U.S. shale oil plays are “riding the edge of profitability” at current prices and the industry faces a significant slowdown in fracking activity if crude falls below $50 a barrel for a sustained period, according to BloombergNEF.
The majority of American shale wells make money based on the $51.45 average futures price, or “strip,” for West Texas Intermediate crude over the next two years, BNEF analyst Tai Liu said in a report Thursday.
But he added that the historical floor price for U.S. oil of $45, which in the past has been based on so-called half-cycle drilling costs, is likely to rise to $50 as investors use different metrics.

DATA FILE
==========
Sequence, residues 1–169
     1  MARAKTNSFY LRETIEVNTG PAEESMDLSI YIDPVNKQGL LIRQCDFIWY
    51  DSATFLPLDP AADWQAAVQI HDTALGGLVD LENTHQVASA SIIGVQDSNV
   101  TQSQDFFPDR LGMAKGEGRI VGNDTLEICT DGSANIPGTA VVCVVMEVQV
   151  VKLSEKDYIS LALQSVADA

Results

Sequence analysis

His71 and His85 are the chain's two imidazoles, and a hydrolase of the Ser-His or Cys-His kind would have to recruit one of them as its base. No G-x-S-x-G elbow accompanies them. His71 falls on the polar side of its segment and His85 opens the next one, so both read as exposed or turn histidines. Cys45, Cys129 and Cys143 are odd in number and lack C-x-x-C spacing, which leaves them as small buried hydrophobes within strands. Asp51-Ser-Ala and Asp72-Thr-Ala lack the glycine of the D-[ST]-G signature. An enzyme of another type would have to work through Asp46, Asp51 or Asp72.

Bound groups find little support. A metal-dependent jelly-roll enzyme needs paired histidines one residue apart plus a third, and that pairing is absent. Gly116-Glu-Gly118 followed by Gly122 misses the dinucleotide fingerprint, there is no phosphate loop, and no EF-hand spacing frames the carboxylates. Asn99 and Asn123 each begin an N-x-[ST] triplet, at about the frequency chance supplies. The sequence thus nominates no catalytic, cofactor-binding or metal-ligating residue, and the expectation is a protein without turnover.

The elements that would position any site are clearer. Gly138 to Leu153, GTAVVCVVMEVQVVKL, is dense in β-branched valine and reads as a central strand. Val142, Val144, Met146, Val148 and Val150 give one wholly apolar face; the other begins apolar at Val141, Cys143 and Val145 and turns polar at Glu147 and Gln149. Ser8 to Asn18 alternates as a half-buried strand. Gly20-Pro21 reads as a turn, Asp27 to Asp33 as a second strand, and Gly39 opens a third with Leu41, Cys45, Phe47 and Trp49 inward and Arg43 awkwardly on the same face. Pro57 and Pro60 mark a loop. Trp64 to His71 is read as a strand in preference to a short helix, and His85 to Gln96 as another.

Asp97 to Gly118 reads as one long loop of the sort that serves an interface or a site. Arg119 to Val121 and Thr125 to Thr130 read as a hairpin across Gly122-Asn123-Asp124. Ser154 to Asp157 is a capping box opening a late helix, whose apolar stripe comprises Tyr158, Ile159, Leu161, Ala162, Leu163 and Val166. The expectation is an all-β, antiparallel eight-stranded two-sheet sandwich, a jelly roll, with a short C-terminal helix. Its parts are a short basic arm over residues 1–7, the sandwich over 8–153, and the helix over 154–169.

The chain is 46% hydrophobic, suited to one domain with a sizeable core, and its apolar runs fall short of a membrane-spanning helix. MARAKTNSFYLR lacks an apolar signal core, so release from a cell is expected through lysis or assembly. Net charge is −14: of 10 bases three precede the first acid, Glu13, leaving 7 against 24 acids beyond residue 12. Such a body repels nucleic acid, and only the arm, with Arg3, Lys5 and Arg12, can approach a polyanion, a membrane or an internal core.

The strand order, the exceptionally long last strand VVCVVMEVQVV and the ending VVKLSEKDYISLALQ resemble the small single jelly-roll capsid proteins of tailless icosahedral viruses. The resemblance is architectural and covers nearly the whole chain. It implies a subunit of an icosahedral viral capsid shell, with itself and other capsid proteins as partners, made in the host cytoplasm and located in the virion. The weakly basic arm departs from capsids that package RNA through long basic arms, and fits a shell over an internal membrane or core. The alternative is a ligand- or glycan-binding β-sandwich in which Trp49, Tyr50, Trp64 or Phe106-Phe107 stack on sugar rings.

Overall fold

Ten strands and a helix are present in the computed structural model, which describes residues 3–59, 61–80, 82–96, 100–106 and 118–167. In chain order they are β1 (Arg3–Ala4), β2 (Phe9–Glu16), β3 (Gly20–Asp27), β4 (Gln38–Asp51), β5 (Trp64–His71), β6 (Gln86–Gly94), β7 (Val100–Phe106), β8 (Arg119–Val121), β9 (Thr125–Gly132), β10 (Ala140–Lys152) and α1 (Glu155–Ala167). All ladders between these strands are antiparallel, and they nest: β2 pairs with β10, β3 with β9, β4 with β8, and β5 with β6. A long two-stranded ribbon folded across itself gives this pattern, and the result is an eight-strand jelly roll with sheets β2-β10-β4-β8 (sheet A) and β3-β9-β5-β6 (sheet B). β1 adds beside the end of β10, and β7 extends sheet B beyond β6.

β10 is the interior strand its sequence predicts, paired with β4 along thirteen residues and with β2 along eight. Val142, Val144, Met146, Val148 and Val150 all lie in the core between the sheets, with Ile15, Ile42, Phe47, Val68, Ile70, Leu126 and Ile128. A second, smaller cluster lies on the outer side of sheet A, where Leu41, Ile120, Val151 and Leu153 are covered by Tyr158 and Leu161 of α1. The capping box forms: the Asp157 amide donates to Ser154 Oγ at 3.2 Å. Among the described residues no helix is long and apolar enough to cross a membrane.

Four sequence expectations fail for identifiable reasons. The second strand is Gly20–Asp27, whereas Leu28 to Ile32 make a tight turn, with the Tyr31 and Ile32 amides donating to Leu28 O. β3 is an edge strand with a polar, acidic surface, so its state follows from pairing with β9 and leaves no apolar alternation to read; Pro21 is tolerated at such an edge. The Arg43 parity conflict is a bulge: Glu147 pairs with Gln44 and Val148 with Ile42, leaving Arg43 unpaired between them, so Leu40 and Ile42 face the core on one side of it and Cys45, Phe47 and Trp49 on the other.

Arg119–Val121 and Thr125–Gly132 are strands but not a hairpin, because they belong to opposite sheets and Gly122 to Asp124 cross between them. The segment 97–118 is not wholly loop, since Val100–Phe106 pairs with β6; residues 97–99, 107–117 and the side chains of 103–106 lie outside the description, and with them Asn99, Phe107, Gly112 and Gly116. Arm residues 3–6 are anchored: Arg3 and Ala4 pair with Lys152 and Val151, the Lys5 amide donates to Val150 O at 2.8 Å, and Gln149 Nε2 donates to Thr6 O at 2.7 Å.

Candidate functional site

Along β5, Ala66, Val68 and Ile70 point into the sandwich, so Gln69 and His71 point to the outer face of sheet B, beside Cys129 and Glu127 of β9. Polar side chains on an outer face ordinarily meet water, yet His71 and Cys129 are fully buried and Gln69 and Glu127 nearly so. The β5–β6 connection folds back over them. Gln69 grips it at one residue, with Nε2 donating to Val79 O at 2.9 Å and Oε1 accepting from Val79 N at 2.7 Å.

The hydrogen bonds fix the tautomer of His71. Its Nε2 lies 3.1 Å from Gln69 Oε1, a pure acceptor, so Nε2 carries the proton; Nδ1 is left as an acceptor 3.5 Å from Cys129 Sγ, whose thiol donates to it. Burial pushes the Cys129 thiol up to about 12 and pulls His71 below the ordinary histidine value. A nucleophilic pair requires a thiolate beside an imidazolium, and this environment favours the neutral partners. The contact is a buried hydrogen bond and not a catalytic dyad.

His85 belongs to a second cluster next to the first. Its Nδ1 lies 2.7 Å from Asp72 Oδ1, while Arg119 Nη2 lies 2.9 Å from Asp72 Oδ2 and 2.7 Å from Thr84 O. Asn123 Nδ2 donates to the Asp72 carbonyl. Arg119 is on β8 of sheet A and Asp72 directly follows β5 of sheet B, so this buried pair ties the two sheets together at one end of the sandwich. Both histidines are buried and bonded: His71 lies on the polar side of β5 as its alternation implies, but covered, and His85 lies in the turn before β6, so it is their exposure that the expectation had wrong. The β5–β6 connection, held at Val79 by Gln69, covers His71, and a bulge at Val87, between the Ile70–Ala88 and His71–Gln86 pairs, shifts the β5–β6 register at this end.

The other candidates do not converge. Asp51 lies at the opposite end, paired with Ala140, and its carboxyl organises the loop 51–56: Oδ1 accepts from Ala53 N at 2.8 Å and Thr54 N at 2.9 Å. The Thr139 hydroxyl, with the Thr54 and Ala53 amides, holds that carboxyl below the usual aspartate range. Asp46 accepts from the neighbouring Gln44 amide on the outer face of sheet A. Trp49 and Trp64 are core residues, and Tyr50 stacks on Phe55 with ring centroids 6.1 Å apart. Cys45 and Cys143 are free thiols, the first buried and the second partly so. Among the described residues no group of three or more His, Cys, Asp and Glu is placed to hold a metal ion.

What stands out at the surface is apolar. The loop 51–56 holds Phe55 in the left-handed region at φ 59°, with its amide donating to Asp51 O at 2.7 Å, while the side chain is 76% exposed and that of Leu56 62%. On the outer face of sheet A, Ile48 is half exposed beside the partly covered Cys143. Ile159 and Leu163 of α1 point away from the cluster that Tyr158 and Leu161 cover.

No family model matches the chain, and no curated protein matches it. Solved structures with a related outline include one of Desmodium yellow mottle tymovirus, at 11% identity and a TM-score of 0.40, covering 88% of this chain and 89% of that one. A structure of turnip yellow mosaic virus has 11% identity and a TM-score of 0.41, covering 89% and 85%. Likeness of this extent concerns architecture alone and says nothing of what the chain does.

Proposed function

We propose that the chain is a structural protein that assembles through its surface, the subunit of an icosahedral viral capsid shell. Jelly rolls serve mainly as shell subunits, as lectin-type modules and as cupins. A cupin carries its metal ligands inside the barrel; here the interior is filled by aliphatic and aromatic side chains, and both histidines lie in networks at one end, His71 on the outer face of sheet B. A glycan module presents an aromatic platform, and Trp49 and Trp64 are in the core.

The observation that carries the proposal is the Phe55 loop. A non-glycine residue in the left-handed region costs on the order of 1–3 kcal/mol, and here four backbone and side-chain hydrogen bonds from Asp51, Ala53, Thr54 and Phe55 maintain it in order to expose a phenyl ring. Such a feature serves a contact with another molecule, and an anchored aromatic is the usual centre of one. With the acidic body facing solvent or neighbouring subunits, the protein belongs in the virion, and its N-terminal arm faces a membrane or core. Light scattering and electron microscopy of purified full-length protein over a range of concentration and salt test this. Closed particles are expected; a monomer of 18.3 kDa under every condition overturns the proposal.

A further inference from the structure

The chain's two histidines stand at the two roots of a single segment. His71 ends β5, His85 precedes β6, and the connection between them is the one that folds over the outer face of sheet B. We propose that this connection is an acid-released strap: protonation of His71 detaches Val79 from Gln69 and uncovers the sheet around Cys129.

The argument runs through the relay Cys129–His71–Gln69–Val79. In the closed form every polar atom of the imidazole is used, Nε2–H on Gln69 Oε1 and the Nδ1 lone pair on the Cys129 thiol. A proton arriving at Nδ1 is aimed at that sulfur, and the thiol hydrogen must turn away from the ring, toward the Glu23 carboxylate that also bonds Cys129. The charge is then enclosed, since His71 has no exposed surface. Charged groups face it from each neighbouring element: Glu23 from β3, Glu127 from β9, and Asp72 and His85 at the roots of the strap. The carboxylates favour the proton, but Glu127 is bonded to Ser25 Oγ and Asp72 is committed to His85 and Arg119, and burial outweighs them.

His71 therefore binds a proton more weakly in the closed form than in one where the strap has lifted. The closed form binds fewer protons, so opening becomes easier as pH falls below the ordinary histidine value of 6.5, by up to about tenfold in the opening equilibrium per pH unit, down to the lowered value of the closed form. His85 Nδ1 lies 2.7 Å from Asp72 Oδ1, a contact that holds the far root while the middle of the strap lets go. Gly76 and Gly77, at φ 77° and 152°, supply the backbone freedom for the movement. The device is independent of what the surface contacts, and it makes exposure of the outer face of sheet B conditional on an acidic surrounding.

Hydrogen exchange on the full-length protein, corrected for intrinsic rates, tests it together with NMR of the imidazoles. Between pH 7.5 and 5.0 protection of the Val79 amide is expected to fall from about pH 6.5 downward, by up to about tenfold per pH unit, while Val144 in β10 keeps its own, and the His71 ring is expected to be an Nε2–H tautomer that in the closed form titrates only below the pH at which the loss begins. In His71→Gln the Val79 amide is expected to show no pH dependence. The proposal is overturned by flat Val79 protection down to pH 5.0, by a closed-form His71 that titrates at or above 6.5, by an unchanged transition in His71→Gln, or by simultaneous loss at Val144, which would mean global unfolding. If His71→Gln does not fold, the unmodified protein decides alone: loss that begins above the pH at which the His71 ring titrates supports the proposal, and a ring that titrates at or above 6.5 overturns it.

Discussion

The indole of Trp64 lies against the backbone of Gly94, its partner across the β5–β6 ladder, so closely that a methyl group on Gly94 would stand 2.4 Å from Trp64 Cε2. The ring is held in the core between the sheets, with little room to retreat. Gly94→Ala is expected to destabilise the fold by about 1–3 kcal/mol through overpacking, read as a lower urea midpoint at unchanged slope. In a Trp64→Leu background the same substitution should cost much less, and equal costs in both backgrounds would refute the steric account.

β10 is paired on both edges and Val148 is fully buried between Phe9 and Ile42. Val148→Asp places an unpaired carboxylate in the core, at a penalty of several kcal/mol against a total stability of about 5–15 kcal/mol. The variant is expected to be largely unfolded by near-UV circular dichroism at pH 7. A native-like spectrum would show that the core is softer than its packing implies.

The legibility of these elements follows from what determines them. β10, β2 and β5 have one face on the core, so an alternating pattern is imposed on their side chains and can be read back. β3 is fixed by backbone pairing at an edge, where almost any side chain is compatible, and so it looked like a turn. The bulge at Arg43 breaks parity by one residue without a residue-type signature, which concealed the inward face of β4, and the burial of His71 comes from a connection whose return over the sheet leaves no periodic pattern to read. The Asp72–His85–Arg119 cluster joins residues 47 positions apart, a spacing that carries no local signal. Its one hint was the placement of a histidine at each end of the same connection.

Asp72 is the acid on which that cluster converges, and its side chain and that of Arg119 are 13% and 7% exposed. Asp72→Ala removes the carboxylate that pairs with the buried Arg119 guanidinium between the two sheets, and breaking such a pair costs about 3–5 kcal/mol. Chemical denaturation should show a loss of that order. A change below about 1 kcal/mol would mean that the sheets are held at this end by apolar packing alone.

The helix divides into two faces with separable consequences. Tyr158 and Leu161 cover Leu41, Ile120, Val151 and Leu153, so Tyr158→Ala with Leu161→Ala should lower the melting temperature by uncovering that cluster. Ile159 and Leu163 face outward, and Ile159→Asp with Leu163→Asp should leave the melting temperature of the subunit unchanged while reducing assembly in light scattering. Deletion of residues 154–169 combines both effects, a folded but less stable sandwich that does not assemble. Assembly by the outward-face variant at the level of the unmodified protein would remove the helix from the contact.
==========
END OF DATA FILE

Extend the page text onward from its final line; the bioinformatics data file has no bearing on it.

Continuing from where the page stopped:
“These firms are now being judged by their ability to generate free cash flow,” BNEF said of drilling companies. “Free cash flow sets a higher bar than half-cycle costs from a break-even perspective.“
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